Both statements were massive lies. 

Scott used his SatNav to find the hotel...it led us to a street that was a hellhole, residential area that was grim, bricks in the street, scary people, we're not used to that in Cleveleys. It's quiet, a lot of dog feces, but quiet. We figured the SatNav had gone bananas so we drove back to our start point and set out again. 

 It was the right place but the hotel was a block down. I was scared. We all were. But Russ checked her in...and then we set off to find the hotel where we were going to meet everyone. 

There were two hotels of the same name around the Excel Centre. Two pubs called The Fox as it turns out too...that's just basics, but anyway...we went to the first one, it wasn't the right hotel. How to get to the other one? The SatNav didn't know. So Scott dropped us at the entrance to the Excel...it was the wrong side. The Excel is massive. And I knew there was  a good chance not all of us would make the journey, Russ is no athlete. (He played 5 a side a couple of times. He didn't get why people were angry with him when he let a goal in the last time he played...he had one hand in his pocket and was eating a Snickers)...We eventually got to the other side and there were railings everywhere...so I just started climbing over them. I have to admit, I got to the hotel a little earlier than Russ and Chloe, as when I saw him trapped, straddling a 4ft barrier I just kept on walking. Was I wrong to leave them? Well maybe. But I had a few grands worth of art in my folder and I had to make a choice. Here's Russ' version of the journey...he's a much more eloquent writer than me since, well, he's a writer...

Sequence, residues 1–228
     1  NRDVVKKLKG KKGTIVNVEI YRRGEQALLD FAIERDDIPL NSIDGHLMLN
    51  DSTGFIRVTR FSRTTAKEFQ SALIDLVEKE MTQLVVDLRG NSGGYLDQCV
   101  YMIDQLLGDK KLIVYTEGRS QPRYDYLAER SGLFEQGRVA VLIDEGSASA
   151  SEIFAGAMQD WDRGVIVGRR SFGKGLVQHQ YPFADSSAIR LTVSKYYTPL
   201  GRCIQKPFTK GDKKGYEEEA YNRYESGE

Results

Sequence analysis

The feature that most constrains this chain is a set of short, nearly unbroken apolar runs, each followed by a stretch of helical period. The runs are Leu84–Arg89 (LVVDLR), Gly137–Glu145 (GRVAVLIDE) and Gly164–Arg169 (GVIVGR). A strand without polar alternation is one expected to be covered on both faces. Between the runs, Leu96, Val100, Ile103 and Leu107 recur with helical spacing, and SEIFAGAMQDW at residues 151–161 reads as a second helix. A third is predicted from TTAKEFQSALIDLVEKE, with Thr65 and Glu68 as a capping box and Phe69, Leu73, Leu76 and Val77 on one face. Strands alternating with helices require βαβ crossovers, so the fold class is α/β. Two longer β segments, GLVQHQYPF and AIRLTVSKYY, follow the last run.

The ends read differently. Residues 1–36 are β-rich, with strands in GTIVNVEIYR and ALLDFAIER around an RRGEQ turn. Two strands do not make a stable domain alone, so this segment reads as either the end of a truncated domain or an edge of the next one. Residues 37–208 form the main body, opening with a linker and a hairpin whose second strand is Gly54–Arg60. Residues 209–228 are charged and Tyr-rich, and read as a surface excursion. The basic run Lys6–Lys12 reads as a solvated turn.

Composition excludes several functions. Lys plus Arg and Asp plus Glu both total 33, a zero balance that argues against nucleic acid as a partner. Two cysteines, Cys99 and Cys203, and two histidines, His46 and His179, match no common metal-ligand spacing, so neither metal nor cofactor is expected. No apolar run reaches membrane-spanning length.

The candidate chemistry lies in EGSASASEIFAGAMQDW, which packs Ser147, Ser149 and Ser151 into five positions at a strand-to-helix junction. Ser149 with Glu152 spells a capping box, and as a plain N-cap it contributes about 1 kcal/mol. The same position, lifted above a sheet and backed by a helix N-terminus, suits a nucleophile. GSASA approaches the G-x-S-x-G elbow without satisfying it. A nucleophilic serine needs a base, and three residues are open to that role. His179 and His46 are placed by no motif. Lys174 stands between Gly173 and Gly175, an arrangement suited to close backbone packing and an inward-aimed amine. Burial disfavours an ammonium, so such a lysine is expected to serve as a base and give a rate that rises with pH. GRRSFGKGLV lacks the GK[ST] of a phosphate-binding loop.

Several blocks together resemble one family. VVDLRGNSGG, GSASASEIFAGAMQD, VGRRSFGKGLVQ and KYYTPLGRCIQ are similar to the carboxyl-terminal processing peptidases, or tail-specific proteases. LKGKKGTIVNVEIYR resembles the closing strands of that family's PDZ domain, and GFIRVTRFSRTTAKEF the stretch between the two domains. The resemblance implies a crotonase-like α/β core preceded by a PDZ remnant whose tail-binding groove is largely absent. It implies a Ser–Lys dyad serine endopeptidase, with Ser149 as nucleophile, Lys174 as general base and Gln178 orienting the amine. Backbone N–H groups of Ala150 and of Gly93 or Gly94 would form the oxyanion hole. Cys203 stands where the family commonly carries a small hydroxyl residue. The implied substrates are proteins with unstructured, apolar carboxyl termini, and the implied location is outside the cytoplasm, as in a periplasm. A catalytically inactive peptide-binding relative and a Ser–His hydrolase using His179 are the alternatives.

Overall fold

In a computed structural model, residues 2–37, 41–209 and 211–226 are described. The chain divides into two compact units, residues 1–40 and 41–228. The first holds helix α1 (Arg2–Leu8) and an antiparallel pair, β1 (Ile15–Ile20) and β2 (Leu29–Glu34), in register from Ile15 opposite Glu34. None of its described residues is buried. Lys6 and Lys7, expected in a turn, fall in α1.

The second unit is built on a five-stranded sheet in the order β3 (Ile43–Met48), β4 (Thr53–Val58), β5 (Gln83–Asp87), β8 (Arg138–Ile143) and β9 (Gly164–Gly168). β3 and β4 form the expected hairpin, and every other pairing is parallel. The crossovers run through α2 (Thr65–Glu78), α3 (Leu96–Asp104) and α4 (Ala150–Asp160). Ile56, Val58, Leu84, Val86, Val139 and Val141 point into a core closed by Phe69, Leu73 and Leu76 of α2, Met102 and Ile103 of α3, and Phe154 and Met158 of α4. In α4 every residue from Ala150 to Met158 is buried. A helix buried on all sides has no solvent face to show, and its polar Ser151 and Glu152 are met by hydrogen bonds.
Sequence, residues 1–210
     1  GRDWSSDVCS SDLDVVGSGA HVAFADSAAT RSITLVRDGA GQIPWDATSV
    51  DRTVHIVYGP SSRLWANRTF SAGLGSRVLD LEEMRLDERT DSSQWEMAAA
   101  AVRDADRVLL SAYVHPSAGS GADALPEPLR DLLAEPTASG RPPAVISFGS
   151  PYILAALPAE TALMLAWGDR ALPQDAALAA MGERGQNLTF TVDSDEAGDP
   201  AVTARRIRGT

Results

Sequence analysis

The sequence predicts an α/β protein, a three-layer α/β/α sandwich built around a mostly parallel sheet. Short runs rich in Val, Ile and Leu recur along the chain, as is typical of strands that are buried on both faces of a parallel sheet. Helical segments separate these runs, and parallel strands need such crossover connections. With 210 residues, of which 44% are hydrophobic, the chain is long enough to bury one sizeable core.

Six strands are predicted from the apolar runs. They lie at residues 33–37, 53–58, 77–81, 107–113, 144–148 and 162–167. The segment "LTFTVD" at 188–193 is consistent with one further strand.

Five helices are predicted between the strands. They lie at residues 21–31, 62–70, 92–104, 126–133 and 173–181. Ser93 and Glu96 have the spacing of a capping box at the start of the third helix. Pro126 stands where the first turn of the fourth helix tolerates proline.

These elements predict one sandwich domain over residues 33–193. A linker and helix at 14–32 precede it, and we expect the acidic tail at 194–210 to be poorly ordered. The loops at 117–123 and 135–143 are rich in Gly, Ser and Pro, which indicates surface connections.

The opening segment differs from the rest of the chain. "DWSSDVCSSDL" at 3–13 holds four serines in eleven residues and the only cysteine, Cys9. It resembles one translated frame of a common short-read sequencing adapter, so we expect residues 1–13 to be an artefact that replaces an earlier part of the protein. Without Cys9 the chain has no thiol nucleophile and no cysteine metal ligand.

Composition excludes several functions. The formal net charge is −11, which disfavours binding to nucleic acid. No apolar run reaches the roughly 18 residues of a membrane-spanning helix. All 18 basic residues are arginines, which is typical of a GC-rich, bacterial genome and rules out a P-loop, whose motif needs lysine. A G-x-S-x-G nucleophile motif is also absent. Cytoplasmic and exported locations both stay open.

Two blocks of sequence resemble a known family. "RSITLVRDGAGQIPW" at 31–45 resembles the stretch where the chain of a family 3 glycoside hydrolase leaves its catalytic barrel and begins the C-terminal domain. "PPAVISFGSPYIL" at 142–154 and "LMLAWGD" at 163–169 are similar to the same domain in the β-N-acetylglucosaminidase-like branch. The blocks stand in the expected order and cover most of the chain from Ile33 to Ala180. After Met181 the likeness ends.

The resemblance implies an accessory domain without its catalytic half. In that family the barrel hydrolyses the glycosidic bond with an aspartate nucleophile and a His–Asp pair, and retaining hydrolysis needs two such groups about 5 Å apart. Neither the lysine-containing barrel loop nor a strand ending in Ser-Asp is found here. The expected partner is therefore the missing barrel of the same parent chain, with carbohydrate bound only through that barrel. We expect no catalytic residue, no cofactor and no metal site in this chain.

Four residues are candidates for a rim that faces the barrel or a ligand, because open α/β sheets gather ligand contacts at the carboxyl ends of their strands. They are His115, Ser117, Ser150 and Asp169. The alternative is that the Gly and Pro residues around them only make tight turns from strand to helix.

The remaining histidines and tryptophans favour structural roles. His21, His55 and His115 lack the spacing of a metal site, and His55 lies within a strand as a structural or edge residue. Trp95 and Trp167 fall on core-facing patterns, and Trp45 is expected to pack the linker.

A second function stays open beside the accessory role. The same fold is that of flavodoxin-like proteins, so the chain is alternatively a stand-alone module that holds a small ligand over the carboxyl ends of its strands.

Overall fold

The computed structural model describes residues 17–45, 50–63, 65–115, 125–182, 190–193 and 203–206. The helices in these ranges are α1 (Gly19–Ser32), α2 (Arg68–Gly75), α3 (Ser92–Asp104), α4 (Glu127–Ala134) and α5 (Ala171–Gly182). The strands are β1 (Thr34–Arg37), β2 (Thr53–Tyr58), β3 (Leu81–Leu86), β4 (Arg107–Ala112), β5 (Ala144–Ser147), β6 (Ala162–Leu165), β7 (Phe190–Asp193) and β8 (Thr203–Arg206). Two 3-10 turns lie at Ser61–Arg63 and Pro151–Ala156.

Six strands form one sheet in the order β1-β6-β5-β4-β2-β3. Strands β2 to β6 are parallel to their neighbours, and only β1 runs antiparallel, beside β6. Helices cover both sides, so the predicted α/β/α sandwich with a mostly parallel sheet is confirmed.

Scott dropped us off, very kindly insisting on a door to door service despite the fact that travelling two blocks at the Excel Centre in a car means driving in a complex series of one-way spirals.

John had arranged to meet up with people at a hotel that was about 14 miles away from our hotel, so we opted to go for a direct straight line of sight walking route that involved climbing over a line of metal fences. John leapt over them like a gazelle, Chloe managed to dislocate her hip on the third fence and I was left straggling the first hurdle in almost complete darkness as Chloe and John progressed into the distance.

Here's the rest of Russ' blog 

So, 22:40, we'd made it (well I had, Russ and Chloe took another 5 minutes or so). It was great to be sat in the hotel chatting with friends, looking at art. Chloe was safe. But I'd suggested that she should stay in her hotel room. I didn't like the idea of the three of us walking that street back to her hotel at 2am. And also, there was Jeff.

Jeff turned up at 1am. I think Russ, and to a greater extent, Chloe regret that deeply.